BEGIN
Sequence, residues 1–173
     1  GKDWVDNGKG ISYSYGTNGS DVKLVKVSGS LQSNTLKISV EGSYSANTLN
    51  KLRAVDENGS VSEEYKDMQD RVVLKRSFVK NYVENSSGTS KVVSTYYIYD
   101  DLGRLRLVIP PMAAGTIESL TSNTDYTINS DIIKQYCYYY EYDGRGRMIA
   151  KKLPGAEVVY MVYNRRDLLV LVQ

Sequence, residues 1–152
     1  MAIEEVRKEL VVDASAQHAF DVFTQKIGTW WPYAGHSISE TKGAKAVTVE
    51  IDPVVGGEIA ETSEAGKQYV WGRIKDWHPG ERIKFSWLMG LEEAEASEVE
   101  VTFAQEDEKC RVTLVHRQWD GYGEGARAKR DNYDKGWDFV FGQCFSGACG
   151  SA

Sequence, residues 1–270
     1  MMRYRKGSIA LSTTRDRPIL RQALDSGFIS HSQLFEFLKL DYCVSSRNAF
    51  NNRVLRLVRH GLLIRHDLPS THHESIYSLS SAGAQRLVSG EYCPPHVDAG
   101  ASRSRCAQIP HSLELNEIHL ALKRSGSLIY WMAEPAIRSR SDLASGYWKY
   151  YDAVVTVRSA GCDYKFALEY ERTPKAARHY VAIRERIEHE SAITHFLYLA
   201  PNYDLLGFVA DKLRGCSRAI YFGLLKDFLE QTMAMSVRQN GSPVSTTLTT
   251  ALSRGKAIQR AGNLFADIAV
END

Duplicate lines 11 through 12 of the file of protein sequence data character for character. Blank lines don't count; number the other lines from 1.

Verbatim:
Sequence, residues 1–270
     1  MMRYRKGSIA LSTTRDRPIL RQALDSGFIS HSQLFEFLKL DYCVSSRNAF